The answer to that question, of course, is in the word “insurance” itself. You paid all that extra money in the event that you had a major medical problem requiring hundreds of thousands of dollars, money that you don’t have sitting around in a bank account somewhere – possibly because you’ve had to pay it out to the health insurance company over all those years.
“Fun-sized” health insurance has the answer to that as well. It’s called a “stamp.” Your insurance company places a limit on how much money they will pay or reimburse you in any given year. If your medical bills exceed that cap, you will have to pay the rest out-of-pocket yourself. If you have a medical problem that requires expensive treatments or procedures over multiple years (such as many types of cancer), then your insurance company may drop you altogether.
For most Americans, private health insurance is an over-priced “middleman” that adds costs without adding value to health care. That’s due in large part to their creative lobbying efforts in preventing Americans from having an alternative, such as a public option to health insurance. The only way private health insurance “pays off” (you get back as much or more than you paid) is if you should be “lucky” enough to fall into that “sweet spot” of having a medical problem that is more expensive than yours combined premium, deductible, and co-pay and still fall under the cap. Congratulations, you are like one of those rare individuals who enjoy that single bite of chocolate in “fun-sized” candies.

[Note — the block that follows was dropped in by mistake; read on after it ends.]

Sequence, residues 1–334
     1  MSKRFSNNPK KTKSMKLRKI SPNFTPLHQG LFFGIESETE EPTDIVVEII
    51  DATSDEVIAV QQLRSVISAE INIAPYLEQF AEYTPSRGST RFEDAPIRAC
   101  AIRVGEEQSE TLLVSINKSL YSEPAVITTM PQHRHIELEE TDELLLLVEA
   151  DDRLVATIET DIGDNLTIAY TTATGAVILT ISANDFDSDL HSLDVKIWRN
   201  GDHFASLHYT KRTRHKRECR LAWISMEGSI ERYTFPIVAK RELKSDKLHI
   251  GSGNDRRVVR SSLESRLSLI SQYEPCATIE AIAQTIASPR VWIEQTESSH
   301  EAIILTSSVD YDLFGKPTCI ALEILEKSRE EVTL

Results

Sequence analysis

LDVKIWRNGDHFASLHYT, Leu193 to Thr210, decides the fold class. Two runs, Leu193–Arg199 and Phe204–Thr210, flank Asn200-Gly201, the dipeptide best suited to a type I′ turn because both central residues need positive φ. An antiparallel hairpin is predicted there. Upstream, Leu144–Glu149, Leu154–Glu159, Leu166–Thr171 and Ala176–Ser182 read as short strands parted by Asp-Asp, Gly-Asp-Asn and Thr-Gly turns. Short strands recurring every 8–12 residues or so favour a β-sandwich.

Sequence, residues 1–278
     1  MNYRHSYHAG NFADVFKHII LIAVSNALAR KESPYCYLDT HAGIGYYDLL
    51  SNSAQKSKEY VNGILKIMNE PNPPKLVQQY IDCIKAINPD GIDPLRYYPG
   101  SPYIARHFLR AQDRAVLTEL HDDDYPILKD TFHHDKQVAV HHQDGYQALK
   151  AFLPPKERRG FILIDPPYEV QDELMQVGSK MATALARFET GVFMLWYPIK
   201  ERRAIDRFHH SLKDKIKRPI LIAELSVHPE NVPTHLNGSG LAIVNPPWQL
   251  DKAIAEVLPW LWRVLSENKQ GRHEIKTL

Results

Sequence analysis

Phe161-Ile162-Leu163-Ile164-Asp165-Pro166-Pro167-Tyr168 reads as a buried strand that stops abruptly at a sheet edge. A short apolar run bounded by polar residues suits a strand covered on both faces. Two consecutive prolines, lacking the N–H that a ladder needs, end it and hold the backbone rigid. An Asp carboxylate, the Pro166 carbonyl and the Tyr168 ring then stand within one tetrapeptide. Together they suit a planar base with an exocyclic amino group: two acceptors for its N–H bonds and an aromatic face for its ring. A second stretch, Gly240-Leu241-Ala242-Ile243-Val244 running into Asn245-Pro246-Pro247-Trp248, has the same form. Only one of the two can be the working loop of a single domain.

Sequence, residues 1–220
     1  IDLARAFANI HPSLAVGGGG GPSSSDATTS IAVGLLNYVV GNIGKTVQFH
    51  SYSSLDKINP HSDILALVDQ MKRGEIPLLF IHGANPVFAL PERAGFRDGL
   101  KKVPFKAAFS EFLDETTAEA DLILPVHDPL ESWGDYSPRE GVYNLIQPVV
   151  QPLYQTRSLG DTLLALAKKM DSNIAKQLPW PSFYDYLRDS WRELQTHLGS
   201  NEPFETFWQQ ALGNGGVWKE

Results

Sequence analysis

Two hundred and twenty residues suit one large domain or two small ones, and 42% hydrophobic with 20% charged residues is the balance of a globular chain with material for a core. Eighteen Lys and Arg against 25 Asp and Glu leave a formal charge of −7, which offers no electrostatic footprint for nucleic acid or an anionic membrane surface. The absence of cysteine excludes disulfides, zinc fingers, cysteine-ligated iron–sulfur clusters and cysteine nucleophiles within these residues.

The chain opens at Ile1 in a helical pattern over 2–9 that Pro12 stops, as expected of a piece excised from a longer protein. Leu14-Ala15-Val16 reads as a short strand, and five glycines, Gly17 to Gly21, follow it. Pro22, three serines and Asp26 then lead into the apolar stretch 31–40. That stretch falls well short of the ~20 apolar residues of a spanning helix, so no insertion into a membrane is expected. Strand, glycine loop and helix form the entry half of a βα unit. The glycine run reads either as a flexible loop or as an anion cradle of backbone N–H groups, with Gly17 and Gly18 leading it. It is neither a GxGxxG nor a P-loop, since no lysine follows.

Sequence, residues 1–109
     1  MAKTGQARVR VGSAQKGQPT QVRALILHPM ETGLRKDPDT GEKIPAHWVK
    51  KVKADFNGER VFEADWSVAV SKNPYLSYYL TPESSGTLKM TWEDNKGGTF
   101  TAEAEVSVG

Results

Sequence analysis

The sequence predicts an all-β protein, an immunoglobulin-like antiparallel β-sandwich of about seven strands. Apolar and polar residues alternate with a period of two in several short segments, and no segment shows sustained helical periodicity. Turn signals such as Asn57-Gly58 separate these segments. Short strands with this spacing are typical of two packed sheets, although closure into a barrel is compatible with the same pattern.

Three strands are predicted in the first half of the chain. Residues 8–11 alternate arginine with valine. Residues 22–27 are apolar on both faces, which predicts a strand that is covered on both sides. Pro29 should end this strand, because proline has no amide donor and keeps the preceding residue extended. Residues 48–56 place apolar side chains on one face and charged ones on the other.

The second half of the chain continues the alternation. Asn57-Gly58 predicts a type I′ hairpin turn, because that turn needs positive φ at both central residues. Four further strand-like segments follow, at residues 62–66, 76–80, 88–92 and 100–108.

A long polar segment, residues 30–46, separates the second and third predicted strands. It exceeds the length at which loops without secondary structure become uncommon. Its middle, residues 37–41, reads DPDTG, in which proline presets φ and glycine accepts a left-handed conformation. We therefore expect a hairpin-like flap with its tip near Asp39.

If you would like to see the cost of your health insurance go down, a couple of bills before the NH House Commerce Committee this Thursday, January 26 at 10 and 10:30 am that could make that happen.
HB319 would establish a committee to study an all-payer system of insurance for hospital services. This system currently exists in Maryland and has helped lower the cost of health care in that state at the same time it has helped smaller hospitals stay solvent.
HB353-FN would establish an interstate compact for universal healthcare. If enacted, it would share the administrative costs of health insurance with our participating neighboring states. Administrative costs are the biggest single reason for those high premiums and deductibles. They are also the reason for the complicated and often duplicated paperwork associated with health insurance.
If you wish to voice your opinion to the Commerce Committee, the link is here: https://www.gencourt.state.nh.us/house/committees/remotetestimony/default.aspx
James Fieseher MD, is a retired family physician from Dover.